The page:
The NYT’s “Room for Debate” is featuring a conversation between Patricia Levesque from the Foundation for Excellence in Education and Kevin Welner of the National Education Policy Center. Here’s an excerpt from Levesque’s reply to Welner on the value of test-based accountability:
Successful policies include school choice for parents, accountability for every child, early-grade literacy, elimination of archaic teacher tenure policies and adoption of college-and-career ready standards measured with quality assessments.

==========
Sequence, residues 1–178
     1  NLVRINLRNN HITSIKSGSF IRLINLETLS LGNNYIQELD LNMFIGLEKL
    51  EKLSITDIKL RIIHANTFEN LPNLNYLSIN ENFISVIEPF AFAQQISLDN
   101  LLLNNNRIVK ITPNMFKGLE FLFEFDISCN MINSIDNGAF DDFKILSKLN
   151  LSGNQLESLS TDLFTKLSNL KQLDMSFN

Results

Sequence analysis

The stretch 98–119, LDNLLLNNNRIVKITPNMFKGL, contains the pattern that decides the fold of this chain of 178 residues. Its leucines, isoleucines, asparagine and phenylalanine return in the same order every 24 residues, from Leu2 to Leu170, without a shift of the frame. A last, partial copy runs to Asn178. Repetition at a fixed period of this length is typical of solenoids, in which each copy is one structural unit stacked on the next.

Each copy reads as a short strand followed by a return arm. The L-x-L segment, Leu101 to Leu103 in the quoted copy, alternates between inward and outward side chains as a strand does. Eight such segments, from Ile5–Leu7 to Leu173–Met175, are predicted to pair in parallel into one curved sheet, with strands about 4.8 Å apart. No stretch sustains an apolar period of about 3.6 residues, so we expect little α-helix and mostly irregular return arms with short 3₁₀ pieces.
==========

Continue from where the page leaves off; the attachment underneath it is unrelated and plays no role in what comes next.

Kevin, those on your side, including teachers unions, fight vigorously to block such reforms and then argue accountability is not working. They don’t want it to work. Instead they give us repackaged arguments for more money backed by vague assurances of results. Just don’t hold them to it.
That is why many civil rights groups support annual testing and accountability. They know a child whose progress is not monitored, whose results don’t matter, is a child likely to fall through the cracks.
“Deeper, broader learning” is something we all support. But a child who cannot read a science book cannot learn biology. A child who cannot write cannot create poetry. A child who cannot work with fractions cannot pass algebra. With no foundation in the basics, there will be no deeper, broader learning.
Accountability is hard. But it is necessary if we are to expand opportunity to all children.